Proton in the well and through the desolvation barrier

Autor(en): Mulkidjanian, Armen Y.
Stichwörter: AQUEOUS ACCESS CHANNELS; bacterial flagellum; Biochemistry & Molecular Biology; Biophysics; C-RING ROTATION; chemiosmotic theory; COLI ATP SYNTHASE; CYTOCHROME BC(1) COMPLEX; ELECTRON-TRANSFER; ESCHERICHIA-COLI; FOF1-type ATP synthase; IRON-SULFUR PROTEIN; membrane transport; PHOTOSYNTHETIC REACTION-CENTER; proton transfer; Rhodobacter capsulatus; RHODOBACTER-CAPSULATUS; SECONDARY QUINONE ACCEPTOR; solvation energy
Erscheinungsdatum: 2006
Herausgeber: ELSEVIER
Volumen: 1757
Ausgabe: 5-6
Startseite: 415
Seitenende: 427
The concept of the membrane proton well was suggested by Peter Mitchell to account for the energetic equivalence of the chemical (Delta pH) and electrical (Delta psi) components of the proton-motive force. The proton well was defined as a proton-conducting crevice passing down into the membrane dielectric and able to accumulate protons in response to the generation either of Delta psi or of Delta pH. In this review, the concept of proton well is contrasted to the desolvation penalty of > 500 meV for transferring protons into the membrane core. The magnitude of the desolvation penalty argues against deep proton wells in the energy-transducing enzymes. The shallow Delta pH- and Delta psi-sensitive proton traps, mechanistically linked to the functional groups in the membrane interior, seem more realistic. In such constructs, the draw of a trapped proton into the membrane core can happen at the expense of some exergonic reaction, e.g., release of another proton from the membrane into the aqueous phase. It is argued that the proton transfer in the ATP synthase and the cytochrome bc complex could proceed in this way. (c) 2006 Elsevier B.V. All rights reserved.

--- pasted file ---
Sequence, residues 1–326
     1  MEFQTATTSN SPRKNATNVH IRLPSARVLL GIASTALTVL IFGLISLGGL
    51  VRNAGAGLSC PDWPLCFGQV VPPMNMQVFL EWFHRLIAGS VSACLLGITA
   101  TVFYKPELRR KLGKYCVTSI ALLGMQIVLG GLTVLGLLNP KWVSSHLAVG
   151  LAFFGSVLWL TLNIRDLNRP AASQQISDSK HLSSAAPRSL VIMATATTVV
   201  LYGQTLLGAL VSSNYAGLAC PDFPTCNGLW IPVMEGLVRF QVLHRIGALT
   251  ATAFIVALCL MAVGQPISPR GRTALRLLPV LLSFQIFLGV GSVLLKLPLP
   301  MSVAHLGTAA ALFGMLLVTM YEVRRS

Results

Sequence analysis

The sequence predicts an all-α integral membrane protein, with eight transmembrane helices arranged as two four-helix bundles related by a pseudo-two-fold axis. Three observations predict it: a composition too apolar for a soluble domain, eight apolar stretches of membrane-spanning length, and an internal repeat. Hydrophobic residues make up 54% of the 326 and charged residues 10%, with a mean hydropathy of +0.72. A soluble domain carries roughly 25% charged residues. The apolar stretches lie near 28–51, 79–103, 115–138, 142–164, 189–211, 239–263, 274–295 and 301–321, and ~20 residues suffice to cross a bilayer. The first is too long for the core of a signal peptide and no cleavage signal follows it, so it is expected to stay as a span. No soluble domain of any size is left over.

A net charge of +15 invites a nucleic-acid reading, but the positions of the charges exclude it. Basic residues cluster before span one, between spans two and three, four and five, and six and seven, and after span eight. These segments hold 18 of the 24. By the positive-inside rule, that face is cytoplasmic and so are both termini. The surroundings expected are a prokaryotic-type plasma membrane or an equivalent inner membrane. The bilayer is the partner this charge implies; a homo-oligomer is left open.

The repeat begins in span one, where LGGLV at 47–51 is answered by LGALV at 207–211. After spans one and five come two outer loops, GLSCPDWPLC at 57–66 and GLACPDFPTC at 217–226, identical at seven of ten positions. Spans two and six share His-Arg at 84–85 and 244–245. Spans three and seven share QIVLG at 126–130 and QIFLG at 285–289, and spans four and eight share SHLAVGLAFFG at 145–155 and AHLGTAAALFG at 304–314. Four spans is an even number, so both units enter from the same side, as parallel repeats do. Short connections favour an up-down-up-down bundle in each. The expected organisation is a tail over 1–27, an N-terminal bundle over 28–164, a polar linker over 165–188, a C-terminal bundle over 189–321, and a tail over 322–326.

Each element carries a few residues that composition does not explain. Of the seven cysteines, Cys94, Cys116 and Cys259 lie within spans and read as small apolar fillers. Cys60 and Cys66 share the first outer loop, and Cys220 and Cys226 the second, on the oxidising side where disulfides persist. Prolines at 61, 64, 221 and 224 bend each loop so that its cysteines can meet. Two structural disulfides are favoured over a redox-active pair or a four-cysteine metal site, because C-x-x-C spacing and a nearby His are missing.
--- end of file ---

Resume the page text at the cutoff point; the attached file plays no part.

14th European Bioenergetic Conference, Moscow, RUSSIA, JUL 22-27, 2006
ISSN: 00052728
DOI: 10.1016/j.bbabio.2006.04.023

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